In the test section, an object is mounted on a slender post connected to the main force balance, which is the instrument installed immediately under the test section floor that senses and reads the aerodynamic forces as the airflow interacts with the model. The test section size and shape in the Wright Brothers Wind Tunnel are other significant improvements when comparing old and new. The old test section only had 57 square feet (ft2) of flow area, and its elliptical shape meant it had a cramped floor that was only 12 feet long. By comparison, the new test section has 90 ft2 of flow area, and its rectangular cross-section is 18 feet long with a floor two times wider than before. A bigger test section can accommodate larger models, which is beneficial for collecting more accurate data while improving user experience significantly by allowing plenty of workspace for the researcher.
The new tunnel also features a new MATLAB-based tunnel control and data acquisition system. This system combines the typical functions of manual tunnel operation, control, and data collection into a streamlined, fully customizable platform. The test section’s glass walls and ceiling windows give extensive optical access, which enables laser-doppler velocimetry and particle-image velocimetry measurements as well as optical model motion tracking. Safety and security features are also built directly into the tunnel control system, monitoring tunnel health parameters such as temperatures, pressures, and vibration levels. The system automatically switches to rapid shutdown mode if any health parameter exceeds its preset physical limit, or in the event of a manual emergency stop.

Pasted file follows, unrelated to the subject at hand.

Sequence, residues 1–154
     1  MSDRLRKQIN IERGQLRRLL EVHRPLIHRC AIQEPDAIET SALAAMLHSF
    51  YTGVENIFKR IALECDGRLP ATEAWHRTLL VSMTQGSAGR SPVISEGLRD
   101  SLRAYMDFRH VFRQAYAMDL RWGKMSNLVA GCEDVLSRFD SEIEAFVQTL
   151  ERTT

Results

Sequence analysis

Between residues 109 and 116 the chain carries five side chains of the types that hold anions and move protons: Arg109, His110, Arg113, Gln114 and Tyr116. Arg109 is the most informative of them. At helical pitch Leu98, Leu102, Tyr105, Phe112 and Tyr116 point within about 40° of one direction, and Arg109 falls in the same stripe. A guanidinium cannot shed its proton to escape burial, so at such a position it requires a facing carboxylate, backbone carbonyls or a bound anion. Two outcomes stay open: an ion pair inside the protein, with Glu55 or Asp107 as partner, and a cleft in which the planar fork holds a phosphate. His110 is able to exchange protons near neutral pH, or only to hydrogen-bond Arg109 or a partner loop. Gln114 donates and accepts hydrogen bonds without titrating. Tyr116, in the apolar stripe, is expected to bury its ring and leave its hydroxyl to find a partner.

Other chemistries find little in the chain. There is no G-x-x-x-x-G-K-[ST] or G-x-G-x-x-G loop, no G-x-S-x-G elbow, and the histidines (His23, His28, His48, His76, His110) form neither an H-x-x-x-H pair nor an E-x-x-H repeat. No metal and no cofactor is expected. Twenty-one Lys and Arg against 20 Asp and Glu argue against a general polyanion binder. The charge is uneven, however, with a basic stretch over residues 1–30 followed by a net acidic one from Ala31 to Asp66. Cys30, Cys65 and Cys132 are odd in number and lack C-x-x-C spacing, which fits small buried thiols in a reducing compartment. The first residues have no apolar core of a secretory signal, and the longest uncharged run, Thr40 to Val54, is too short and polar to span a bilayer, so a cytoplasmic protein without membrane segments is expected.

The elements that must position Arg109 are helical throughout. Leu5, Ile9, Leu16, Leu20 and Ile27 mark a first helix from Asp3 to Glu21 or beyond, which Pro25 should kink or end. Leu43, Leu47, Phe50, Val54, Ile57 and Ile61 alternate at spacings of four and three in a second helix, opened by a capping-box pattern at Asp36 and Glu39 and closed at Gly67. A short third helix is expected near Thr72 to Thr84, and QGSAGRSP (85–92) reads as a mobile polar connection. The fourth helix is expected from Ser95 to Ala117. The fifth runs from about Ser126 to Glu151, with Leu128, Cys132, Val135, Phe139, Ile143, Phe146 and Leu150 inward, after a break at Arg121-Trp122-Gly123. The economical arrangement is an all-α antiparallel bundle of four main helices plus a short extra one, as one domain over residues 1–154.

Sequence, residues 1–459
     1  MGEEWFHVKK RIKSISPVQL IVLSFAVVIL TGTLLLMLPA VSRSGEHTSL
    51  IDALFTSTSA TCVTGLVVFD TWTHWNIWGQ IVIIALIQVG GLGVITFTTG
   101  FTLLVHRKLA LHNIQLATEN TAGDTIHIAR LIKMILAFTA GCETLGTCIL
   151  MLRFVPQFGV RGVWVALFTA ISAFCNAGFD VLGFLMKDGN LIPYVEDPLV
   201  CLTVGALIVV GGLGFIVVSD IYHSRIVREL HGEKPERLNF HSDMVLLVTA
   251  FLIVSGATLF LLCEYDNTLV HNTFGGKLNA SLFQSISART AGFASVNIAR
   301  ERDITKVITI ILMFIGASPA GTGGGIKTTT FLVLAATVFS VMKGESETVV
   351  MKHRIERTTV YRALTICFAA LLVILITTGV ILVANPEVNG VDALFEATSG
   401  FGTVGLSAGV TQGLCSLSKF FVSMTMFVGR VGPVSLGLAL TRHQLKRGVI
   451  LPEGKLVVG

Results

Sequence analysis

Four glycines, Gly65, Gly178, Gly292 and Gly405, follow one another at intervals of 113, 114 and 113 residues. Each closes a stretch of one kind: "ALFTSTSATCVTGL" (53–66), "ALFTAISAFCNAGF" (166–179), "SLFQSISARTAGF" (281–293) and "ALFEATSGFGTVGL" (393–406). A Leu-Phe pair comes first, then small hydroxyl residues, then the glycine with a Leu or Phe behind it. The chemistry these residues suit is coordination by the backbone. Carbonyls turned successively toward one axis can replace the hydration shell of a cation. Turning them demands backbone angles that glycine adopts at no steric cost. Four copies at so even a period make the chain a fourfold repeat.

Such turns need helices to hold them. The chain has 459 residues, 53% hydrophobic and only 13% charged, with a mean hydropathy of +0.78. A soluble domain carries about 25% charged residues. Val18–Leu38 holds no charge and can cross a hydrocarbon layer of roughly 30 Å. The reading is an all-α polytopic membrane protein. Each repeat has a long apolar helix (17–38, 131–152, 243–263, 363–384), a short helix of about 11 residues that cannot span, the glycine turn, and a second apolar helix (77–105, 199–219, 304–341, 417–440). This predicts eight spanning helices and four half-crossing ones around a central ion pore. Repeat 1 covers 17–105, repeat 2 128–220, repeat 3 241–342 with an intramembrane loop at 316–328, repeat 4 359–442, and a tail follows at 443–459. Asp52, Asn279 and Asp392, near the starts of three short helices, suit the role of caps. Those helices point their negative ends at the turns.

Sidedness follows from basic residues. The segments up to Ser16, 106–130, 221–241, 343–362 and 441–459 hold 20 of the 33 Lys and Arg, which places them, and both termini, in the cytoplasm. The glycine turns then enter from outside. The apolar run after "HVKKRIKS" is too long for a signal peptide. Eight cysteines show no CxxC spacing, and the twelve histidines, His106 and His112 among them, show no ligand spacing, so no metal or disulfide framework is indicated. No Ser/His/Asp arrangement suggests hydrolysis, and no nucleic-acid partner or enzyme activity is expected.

“You can control everything through this interface — tunnel speed, model positioning, instrument interrogation, data display, logging, and more — all from the same place,” says Drela. “It removes as much human error from the process as possible. Since the system is watching your back, you literally cannot do anything to break the tunnel from the keyboard, which is very comforting from the user’s perspective.”
Breaking new ground
Construction for the Wright Brothers Wind Tunnel project broke ground in fall 2019. It was completed 22 months later in tandem with a complete renovation of Building 17, which used to exclusively house the wind tunnel control room and the headquarters for the MIT Rocket Team.
The Building 17 renovation overhauled these spaces, combined them with the Gerhard Neumann Hangar and Laboratory (formerly housed in Building 33), and added meeting rooms and research laboratory space. Historic buildings come with inherent renovation challenges. Toxic materials like lead and asbestos tend to come standard in old buildings. Delivering massive tunnel components to the job site meant carefully maneuvering the tight squeeze between campus buildings. But the global pandemic was a curve ball that no one saw coming.
“Safety is always a top priority on any construction site. The coronavirus situation took it to another level, especially with the Cambridge-wide moratorium on construction projects that lasted for weeks,” says Anthony Zolnik, manager of infrastructure for AeroAstro, who represented the department on the project management team. “Thankfully, we had an amazing team, both within MIT and our external vendors, so we could work together to add additional measures to keep the workers safe. I’m happy to say that we made it through without any outbreaks, and we were able to keep the construction progress on track.”